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I made this in October in anticipation of some people coming over for dinner. Then the dinner got canceled, and I was stuck with a bunch of little cremes brulees. So I promptly shoved them all in my mouth and swallowed.

Alright, fine. I gave a couple away first. Jeanette loved them, too. But then I really did eat at least six of them.

Anyway, I've discovered that full-sized cremes brulees are simply too large for multi-course meals. But miniature ones--just 2 or 3 bites or so, each one with some caramelized sugar--are perfect as a first dessert course. Because who wants a dinner with only one dessert?

These maple cremes brulees are now one of my go-to desserts. They are delicious, with the maple being detectable but not overpowering. Even the cat loves them!

And look! I'm providing a normal recipe! No gram measurements, or chemical additives, or special equipment!

Oh, wait... you probably don't have spray-dried powdered maple syrup. Hmmm... well... you could buy some online. Or... well... I think you could substitute another 1/4 cup maple syrup for the maple powder, and then substitute 10 grams or so of heavy cream powder for the--wait, that's no good either. Alright, just cut out 2 tbsp of heavy cream, and substitute another 1/4 cup of maple syrup for the maple powder. That should work. Don't use fake maple syrup. But if you want this to be flavored with something other than maple, the base recipe involves 1/3 cup sugar instead of maple syrup and powder. You can also check out this vanilla creme brulee that I posted long ago.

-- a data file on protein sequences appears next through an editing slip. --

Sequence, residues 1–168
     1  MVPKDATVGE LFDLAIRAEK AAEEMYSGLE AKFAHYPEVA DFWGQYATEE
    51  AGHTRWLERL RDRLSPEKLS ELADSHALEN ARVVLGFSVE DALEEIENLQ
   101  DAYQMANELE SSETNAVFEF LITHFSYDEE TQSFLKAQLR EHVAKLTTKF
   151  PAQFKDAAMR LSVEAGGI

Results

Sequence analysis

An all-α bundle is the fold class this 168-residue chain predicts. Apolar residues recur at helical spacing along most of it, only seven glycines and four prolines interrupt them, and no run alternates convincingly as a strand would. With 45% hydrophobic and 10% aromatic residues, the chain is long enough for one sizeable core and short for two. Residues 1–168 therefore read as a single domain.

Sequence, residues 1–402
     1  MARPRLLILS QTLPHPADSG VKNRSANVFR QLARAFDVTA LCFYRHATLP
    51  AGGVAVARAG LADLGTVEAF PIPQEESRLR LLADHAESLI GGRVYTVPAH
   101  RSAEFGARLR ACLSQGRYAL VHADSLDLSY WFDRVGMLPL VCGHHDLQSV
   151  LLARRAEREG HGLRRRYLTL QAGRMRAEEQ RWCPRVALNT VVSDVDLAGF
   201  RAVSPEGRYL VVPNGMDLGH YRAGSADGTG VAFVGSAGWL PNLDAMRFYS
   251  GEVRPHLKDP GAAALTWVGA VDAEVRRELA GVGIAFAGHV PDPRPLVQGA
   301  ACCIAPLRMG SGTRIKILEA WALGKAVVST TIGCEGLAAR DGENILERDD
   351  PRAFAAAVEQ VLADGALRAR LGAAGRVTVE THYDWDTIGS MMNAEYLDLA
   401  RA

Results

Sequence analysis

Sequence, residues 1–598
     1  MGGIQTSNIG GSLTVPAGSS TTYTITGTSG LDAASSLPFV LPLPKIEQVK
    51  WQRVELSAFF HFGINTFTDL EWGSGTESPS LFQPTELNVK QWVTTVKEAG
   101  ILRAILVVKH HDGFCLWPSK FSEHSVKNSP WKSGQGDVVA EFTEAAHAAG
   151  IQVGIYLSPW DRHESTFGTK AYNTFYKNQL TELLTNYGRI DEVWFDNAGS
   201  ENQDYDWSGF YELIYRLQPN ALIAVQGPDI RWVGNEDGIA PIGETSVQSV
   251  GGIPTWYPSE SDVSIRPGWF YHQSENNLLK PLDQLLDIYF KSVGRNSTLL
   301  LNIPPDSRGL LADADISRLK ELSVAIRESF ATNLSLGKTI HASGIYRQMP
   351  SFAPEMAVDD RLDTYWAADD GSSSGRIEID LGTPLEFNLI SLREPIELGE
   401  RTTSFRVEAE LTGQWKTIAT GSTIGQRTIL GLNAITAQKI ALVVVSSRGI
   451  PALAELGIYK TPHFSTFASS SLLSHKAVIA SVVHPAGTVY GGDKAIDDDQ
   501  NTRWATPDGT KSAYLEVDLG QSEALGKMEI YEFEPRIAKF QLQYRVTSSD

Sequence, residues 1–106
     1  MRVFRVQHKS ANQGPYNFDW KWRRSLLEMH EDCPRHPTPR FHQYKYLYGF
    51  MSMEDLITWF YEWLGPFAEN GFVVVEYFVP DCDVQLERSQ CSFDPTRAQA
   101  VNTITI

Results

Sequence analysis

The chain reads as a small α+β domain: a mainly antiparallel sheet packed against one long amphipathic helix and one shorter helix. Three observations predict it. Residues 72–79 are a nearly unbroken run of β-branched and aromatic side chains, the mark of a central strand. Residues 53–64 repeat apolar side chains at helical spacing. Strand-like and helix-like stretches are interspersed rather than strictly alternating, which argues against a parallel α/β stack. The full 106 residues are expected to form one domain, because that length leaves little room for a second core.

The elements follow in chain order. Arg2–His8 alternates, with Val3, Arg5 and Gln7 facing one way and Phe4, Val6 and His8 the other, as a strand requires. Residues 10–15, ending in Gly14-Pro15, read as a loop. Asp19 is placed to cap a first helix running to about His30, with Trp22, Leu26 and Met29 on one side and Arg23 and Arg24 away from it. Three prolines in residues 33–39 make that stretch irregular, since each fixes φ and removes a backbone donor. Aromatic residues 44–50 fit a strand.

Maple Creme Brulee

Makes enough for about like 8 or 10 little servings, or maybe 4 normal-sized servings. Cooking time: 30-ish minutes. Cooling time: couple hours.

The ingredients:

  • 2 cups heavy cream
  • 1/4 cup maple syrup
  • 3 tbsp maple powder
  • 6 egg yolks
  • pinch of salt

The algorithm:

1. Preheat oven to 300F. Place a kitchen towel in the bottom a baking dish.

2. Bring 1 cup cream, sugar, and salt to a simmer, and stir to dissolve the sugar and salt. Bring it off the heat and let it sit a couple minutes, stirring occasionally to prevent a skin from forming. Then stir in the remaining cup of cream.

3. Bring some water to a boil in a kettle or pan.

4. Beat the egg yolks, then whisk a small amount of the cream mixture into the eggs to temper. Then whisk the remaining cream into the eggs, slowly.

5. Place some ramekins onto the kitchen towel in the baking dish. I used little 1 oz stoneware condiment cups from IKEA. You can use bigger ones if you want.

6. Strain the custard through a fine-mesh strainer into the ramekins. Pour the boiling water into the baking dish (very carefully) until it reaches halfway up the sides of the ramekins.

7. Bake at 300F until the centers of the custards have reached 170F (before carryover cooking). If you don't have an accurate kitchen thermometer, at that point, custards will have started to set, but will still be quite wobbly in the center.

8. Take them out and put them in the refrigerator for a couple hours to firm up.

9. When you're ready to serve them, take them out about fifteen minutes before you're going to serve them. If water condenses on the top, dab it with a paper towel to dry it. Sprinkle on a very thin coating of sugar (and dump off the excess) then burn it evenly with a kitchen torch. Wait several minutes before serving, so that top can harden.

Posted by Barzelay on 2008/12/25 @ 15:49 | Comments (1) | Baking, Desserts


Great picture of Penelope! And the cremes brulees don't look too shabby, either.

Posted by: bettyjoan at December 26, 2008 12:29 PM